With scarcely a blush, Quebec Premier Jacques Parizeau capitulated last week, surrendering at long last to the pressure of public opinion. After weeks of speculation, the Parti Québécois leader tacitly acknowledged the failure of his government’s multimillion-dollar effort to sell independence to the province’s electorate. “Quebecers are not now ready to vote for sovereignty,” he told a gathering of young PQ followers as he pointed to a succession of polls showing support for the separatist option stalled below 45 per cent. Faced with those numbers, the premier all but ruled out a referendum this spring, dropping a broad hint that the vote, which he has repeatedly promised for 1995, will not take place until the fall at the earliest.
Any lingering doubts were erased the following day by Parizeau’s deputy, vicepremier Bernard Landry. “I don’t want to be second-in-command of the Light Brigade,” Landry remarked, likening the outcome of a referendum this spring to the disaster
that awaited the ill-fated British cavalry unit that was cut down when it charged into Russian guns during the Crimean War. “Our troops don’t want to be led to the slaughterhouse, but we want to keep the pressure on,” continued Landry, onetime officer in the reserves. “We won’t lead our supporters— and Quebec—on the road to disaster.”
Both Parizeau and Landry expressed hope that independence might find more support among voters next fall. Others, however, are not so sure. “What’s going to change between spring and autumn?” Mario Dumont, the young leader of the centrist Parti Action Démocratique, acidly inquired. “A good summer for the Expos?”
What indeed? The PQ’s strategists are
counting heavily on three factors. First, they are planning yet another information blitz, bombarding already beleaguered Quebecers with more pro-sovereignty pamphlets and media advertising. They also hope that Quebecers will be more annoyed with the federal government by next fall, once Ottawa’s austerity program begins to bite. Finally, they continue to anticipate a miscue in the rest of the country, some overt manifestation of anti-Quebec sentiment that would ignite the kind of passions that flared in the wake of the Brockville flag-stomping incident during the 1990 Meech Lake debate.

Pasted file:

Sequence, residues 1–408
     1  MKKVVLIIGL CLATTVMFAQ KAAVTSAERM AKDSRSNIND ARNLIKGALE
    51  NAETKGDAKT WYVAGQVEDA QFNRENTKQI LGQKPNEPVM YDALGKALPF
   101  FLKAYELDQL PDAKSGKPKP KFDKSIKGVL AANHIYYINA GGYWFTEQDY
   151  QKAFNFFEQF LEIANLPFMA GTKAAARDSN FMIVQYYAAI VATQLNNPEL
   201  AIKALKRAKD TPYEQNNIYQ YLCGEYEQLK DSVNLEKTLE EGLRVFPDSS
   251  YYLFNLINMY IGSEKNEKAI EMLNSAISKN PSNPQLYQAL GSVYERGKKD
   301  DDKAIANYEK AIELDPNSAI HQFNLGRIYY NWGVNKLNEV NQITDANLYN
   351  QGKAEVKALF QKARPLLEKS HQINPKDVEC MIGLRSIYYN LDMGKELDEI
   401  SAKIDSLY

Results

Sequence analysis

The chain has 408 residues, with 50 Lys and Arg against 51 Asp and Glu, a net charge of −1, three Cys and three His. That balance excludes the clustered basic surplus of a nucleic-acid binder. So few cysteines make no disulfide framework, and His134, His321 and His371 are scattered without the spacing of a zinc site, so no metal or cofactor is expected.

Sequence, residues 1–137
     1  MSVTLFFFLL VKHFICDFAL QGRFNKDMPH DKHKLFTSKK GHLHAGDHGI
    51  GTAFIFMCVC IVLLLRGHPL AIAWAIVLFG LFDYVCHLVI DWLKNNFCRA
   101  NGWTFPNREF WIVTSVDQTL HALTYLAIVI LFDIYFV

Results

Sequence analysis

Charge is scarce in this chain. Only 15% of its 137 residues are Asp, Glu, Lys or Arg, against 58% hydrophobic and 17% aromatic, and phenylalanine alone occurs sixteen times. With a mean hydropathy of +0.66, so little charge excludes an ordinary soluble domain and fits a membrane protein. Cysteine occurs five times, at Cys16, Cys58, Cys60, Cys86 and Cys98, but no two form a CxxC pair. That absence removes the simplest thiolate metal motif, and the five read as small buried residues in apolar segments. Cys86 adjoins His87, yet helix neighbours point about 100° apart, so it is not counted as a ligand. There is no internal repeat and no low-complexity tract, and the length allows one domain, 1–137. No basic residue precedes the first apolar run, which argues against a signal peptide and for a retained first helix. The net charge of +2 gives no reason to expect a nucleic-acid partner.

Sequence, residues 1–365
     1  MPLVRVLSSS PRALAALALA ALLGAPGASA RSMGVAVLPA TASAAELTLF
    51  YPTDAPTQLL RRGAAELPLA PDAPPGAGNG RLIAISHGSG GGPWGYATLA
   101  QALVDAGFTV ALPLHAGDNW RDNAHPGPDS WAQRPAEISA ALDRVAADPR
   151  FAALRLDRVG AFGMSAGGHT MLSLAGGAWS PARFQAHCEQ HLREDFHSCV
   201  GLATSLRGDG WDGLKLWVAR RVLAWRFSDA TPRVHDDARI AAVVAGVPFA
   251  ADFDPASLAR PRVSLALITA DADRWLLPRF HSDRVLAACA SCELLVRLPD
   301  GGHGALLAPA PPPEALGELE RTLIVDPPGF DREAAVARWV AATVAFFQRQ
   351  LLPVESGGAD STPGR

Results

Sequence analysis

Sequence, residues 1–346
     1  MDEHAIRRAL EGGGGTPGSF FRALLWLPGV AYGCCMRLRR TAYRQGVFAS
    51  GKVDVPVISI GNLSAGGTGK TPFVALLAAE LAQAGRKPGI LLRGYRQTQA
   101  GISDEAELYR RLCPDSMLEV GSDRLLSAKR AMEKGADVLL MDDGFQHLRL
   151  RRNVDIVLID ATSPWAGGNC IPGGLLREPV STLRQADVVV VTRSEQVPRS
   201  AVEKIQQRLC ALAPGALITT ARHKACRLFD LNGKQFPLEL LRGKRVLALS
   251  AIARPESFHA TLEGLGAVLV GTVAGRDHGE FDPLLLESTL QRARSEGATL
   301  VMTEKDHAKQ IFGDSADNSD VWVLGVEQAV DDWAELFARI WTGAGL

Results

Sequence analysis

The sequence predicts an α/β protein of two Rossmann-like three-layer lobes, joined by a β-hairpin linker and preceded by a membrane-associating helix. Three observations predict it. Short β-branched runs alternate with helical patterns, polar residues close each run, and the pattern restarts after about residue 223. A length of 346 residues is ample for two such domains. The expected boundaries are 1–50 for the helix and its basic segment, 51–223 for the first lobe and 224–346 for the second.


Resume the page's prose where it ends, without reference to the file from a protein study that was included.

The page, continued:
in the rest of the country, some overt manifestation of anti-Quebec sentiment that would ignite the kind of pas sions that flared in the wake of the Brockville flag-stomp ing incident during the 1990 Meech Lake debate.
If events do not unfold as the PQ hopes, however, Pan zeau might find himself fac ing a more serious dilemma come autumn. While no one close to the premier is yet willing to suggest it, there are already murmurs within his party suggesting that even next fall might be too
If events do not unfold as the PQ hopes, however, Pari« zeau might find himself facg ing a more serious dilemma % come autumn. While no one § close to the premier is yet I willing to suggest it, there 5 are already murmurs within his party suggesting that even next fall might be too early to put the independence question to a vote. That raises the distinct possibility that Parizeau may have to find a way to wiggle out of his firm pledge to hold the referendum by the end of this year.
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